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In Depth: How virtual characters are getting smart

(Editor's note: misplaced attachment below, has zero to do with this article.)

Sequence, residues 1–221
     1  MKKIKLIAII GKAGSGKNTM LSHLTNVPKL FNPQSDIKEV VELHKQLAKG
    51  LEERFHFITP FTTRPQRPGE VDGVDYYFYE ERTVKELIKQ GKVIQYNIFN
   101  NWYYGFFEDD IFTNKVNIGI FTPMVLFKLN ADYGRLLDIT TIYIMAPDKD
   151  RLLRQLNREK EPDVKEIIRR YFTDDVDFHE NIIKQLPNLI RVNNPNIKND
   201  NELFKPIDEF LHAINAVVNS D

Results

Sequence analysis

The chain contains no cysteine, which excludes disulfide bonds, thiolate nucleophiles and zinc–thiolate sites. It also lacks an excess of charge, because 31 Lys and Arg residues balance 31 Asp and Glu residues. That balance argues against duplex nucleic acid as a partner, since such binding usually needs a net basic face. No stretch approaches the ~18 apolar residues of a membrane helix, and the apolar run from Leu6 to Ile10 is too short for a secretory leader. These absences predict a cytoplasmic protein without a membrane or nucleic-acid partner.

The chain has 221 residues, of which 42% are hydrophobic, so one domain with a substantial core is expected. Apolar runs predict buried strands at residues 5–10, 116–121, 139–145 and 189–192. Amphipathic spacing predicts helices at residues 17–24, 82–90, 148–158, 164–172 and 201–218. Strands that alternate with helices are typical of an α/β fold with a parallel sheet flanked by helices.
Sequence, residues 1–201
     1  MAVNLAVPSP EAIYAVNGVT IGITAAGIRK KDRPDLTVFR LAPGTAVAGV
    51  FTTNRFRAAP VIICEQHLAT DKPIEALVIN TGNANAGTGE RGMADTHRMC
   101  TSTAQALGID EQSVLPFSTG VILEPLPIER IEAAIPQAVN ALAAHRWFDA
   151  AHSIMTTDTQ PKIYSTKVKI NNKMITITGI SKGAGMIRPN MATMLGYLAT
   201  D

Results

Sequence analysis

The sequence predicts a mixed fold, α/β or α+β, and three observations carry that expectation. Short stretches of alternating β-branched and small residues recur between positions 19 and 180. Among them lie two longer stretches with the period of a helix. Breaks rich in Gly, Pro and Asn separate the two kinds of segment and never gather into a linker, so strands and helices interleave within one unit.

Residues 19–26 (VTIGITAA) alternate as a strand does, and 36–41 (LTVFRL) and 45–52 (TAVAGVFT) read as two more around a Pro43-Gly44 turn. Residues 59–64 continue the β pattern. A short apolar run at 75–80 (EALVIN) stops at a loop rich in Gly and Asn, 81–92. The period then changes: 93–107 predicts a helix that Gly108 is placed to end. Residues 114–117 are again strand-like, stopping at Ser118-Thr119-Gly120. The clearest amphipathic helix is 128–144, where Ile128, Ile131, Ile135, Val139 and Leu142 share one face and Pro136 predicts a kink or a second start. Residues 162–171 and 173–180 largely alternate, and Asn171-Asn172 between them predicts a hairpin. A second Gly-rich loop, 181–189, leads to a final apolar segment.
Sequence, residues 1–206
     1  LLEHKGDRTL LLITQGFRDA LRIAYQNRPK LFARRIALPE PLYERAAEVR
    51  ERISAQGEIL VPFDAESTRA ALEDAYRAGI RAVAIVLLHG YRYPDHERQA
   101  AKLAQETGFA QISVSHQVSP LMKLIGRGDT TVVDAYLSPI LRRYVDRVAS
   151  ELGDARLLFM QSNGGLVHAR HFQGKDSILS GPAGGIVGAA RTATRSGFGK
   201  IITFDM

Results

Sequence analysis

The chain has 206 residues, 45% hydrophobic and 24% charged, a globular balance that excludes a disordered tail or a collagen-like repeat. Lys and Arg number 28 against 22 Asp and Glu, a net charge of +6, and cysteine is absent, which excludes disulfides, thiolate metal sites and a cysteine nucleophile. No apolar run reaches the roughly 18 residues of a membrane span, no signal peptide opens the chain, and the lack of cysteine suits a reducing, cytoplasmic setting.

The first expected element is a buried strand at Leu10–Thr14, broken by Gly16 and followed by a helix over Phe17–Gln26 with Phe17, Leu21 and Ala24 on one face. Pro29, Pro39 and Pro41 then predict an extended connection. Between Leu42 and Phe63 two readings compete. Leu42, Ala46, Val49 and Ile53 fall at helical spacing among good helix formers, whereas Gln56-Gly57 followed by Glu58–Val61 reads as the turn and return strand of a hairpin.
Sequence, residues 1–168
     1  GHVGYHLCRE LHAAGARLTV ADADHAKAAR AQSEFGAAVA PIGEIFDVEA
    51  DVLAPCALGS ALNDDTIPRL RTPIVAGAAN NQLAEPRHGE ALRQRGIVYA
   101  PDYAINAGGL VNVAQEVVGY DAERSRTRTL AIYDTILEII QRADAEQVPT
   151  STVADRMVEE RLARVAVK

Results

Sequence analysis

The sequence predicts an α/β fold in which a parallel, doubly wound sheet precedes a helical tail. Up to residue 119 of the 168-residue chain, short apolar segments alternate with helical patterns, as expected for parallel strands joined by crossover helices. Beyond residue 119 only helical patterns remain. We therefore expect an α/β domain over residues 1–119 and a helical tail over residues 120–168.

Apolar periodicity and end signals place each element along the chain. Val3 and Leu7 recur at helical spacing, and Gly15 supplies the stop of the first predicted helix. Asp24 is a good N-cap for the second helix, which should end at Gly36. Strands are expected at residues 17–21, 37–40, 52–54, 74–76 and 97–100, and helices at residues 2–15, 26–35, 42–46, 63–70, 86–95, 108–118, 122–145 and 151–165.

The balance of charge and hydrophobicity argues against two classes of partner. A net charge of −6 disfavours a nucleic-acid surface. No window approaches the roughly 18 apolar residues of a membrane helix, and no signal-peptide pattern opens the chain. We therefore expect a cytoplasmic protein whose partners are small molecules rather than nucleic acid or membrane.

CNETAnalysis: Online gaming platforms and web forums have used avatars for years, and graphical representations of humans are hardly new, but the wider concept of the avatar is finally waking up. By morphing into life-size, artificially intelligent and customisable platforms, personal and even corporate avatars could soon replace receptionists, sales clerks and even replicate your colleagues in both real and virtual environments. And the avatar revolution has already started on your smartphone. Origins of avatars Forget the James Cameron movie. At its most basic the avatar – a Sanskrit word from Hinduism that means god appearing in living form – is, practically-speaking, just a decorated, personalised caricature that’s most often associated with joining some kind of virtual platform. Doctored head-shots that appear as slightly better-looking animations, creations assembled by choosing noses, eyebrows, eyes and chins from a suite, or just plain stolen images of other people or things are typically how avatars are constructed. Massive multi-user role-playing games like World of Warcraft use visual representations of users – avatars – and so do social virtual environments like Facebook and Twitter, Second Life, instant messaging and myriad online forums. It’s not much of a leap to a situation where we all roam the internet as one single avatar – something Gravatar is trying to achieve with its portable image – though the idea of having several online identities is something that appeals to many. This, however, is only half the story, because although avatars to represent us humanoids are set to expand in their use, the world is about to become populated with avatars of computers and machines, too. Take the idea of the avatar to its logical conclusion and the idea of remote working could be a no-brainer; if you need to meet colleague, just fire-up their avatars and you can suddenly be in a virtual office! . But the avatar as a representation of a human has limited use – and it can just as well be applied to a much more useful machine. Voice recognition software like Siri doesn’t have a face yet, just a voice, but work is going on to develop avatar-based apps that deliver personal assistant-style services in a totally customisable way. The rise of the robots Take the simply-named Guide, an app for iOS, Android and desktop browsers – currently taking beta registrations – that seeks to feed you the information you already seek, but in a more convenient way. YouTube : Based on the premise that almost everything in a local TV news bulletin is completely useless to you, Guide attempts to deliver you only what you’re interested in. As in this example on YouTube, Guide puts an lip-syncing avatar of your choosing (even a film star) in front of you as a kind of web concierge, to read out, say, last night’s football reports on the BBC news website (or anything with an RSS feed) followed by the status updates of your favourite Facebook contacts. YouTube : Chuck in something about your line of work – the latest on world markets if you’re in finance, micro-local weather if you’re a farmer, etc – along with local traffic news, a couple of celebs’ Tweets, and the important emails in your Inbox – and Guide could be something genuinely bite-size and useful. Designed to include multimedia content, too, rather than just text-based news, Guide will be available through web browsers and smartphone apps, though whether it’s trying to give you what you need more easily, or simply feeding your pathetic addiction to your ‘digital life’ is debatable. Another avatar-based idea is Winston , a live (though US-only) app that’s described as a ‘a whole new way to interact with your personal web’. Steering clear o! f the sea! rch engine functions of Siri, Winston aggregates your oft-visited sources of news and social media, and presents them via a voice – interestingly, with a British accent. Hands-free apps in connected cars do a similar thing in the name of safety. Simulated social interaction The use of computer-generated avatars in place of human news readers might seem like nothing more than convenient and fun, but there is some evidence that we’re beginning to trust machines more than each other. How many times have you sat having a conversation with friends when a fact is disputed; before long someone always says, ‘why don’t we just ask the internet?’ and pulls out a smartphone. Conversation over. A recent study by researchers at Case Western Reserve University in Cleveland, Ohio suggests that depression symptoms in 18-25-year-olds may be significantly reduced when they interact with a computerised avatar of a doctor or consultant rather than the real thing. And the computerised avatar really is coming. FIONA (Framework for Interactive-services Over Natural-conversational Agents) is an online assistant for designing avatars the next generation of virtual avatars. This is where developers, researchers, companies, geeks and designers from around the world can upload their own ‘killer’ feature, called ‘sparks’; a specific behaviour, an amazing character or the best of someone’s knowledge on any given topic. The goal is a higher form of artificial intelligence that can understand us, as well as serve us. FIONA is the brainchild of Spain-based Adele Robots, though the likes of Chatbots , Nuance , Verbio and Ivona are involved, as are several universities. “An avatar, also called a Virtual Assistant or Embodied Conversational Agent, is a cartoonish yet realistic representation of a person who you can talk to, and answers you like a human,” says Luc


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